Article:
Thursday, 16 April 2015

An alternative manifesto

But this weather is lovely and I can't be bothered, so here's something from a book called Where Did You Go? Out. What Did You Do? Nothing by Robert Paul Smith:

That was the main thing about kids then: we spent an awful lot of time doing nothing. There was an occupation called ‘just running around’. It was no game. It had no rules. It didn’t start and it didn’t stop. Maybe we were all idiots, but a good deal of time we just plain ran around.
Many many hours of my childhood were spent in learning how to whistle. In learning how to snap my fingers. In hanging from the branch of a tree. In looking in an ants’ nest. In digging holes. Making piles. Tearing things down. Throwing rocks at things.
[…]
We strung beads on strings; we strung spools on strings; we tied each other up with string, and belts and clothesline.
We sat in boxes; we sat under porches; we sat on roofs; we sat on limbs of trees.
We stood on boards over excavations; we stood on top of piles of leaves; we stood under rain dripping from the eaves; we stood up to our ears in snow.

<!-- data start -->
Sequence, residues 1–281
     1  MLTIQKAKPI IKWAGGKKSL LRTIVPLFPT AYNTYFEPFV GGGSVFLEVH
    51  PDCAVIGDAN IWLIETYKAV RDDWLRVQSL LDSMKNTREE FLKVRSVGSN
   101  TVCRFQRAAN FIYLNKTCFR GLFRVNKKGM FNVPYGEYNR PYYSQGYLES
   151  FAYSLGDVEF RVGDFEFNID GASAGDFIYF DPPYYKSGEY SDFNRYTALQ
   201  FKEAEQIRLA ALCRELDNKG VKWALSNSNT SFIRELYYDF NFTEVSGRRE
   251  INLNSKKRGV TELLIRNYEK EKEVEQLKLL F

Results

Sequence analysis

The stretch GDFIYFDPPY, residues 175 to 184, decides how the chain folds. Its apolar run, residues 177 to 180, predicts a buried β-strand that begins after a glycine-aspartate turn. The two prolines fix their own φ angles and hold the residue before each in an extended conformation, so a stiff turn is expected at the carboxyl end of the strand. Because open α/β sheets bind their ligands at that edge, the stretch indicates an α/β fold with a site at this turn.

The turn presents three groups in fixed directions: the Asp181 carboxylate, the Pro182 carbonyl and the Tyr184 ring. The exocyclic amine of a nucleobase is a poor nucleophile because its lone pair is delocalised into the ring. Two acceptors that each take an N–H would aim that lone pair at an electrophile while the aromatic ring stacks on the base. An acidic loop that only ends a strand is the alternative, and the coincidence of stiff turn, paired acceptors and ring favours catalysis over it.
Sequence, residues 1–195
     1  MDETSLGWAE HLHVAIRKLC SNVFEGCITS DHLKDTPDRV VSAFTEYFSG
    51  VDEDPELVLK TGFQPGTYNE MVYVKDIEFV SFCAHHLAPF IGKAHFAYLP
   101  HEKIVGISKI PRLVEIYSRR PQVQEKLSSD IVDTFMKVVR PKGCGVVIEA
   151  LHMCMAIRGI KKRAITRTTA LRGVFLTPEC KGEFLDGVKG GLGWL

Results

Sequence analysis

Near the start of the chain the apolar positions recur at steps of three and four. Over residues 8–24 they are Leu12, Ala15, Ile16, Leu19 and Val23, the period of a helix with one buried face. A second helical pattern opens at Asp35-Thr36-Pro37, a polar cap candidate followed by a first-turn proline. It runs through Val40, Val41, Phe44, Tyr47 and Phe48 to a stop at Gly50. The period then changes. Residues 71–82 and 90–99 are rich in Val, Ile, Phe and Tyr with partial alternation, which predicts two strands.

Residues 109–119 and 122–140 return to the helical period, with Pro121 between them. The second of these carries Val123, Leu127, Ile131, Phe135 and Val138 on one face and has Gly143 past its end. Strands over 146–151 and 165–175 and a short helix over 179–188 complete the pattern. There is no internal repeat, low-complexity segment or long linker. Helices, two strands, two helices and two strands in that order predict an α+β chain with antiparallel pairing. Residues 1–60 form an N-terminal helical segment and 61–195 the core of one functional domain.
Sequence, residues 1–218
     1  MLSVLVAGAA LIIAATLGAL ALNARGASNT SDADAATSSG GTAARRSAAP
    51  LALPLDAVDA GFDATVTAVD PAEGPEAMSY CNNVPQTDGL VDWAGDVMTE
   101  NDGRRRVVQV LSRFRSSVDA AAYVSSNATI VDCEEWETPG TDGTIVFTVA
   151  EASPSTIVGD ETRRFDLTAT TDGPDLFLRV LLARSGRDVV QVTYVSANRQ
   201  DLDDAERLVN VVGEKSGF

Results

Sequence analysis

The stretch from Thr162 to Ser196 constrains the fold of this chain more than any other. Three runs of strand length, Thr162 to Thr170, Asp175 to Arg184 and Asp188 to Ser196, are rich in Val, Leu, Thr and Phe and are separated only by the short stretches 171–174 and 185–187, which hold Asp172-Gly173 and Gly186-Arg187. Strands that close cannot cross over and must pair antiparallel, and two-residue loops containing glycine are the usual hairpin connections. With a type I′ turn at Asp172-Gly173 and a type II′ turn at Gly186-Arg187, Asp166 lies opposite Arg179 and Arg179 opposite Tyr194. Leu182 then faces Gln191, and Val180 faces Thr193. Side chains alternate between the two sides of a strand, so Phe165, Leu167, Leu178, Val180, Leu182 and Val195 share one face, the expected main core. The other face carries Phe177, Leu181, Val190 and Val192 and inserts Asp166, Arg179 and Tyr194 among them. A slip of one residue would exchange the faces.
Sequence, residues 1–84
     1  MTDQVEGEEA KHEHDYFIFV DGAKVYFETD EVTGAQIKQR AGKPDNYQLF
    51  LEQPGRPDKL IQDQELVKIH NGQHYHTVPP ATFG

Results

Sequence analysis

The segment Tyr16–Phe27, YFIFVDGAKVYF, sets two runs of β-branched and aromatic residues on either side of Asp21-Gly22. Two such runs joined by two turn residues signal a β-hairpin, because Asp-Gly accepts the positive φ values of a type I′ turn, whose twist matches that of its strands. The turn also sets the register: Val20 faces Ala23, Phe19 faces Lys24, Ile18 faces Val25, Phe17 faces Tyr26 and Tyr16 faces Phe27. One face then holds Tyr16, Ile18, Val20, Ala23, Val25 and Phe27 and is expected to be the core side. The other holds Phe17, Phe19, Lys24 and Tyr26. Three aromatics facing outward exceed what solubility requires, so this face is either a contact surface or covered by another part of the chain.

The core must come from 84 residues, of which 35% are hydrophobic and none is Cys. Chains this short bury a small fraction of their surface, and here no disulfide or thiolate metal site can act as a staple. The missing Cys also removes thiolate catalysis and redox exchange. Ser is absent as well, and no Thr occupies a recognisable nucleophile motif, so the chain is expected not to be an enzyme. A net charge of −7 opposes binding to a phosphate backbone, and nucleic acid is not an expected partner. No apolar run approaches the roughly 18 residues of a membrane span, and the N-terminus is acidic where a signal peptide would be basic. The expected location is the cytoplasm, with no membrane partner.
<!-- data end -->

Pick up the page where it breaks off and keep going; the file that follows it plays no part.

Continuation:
We looked at things like knives and immies and pig nuts and grasshoppers and clouds and dogs and people.
We skipped and hopped and jumped. Not going anywhere – just skipping and hopping and jumping and galloping.
We sang and whistled and hummed and screamed.
What I mean is, Jack, we did a lot of nothing.

2 comments:

billoo said...

Doing nothing! Sounds like a Kashmiri manifesto!

Thanks for this excerpt, Charles. Reminds me a bit of 'A London Child of the 1870s' which my mother said reminded her a bit of her childhood days (in Lahore, in the '40s). I suspect we were all a bit more similar *before* globalisation.

Best wishes,

b.

Poetry Pleases! said...

Dear Charles

I can't help thinking that in many ways things are rather better now. At my old school, for example, there was one solitary computer which only the A Level Science kids were allowed to use. Little wonder it took me so long to become computer literate!

Best wishes from Simon R. Gladdish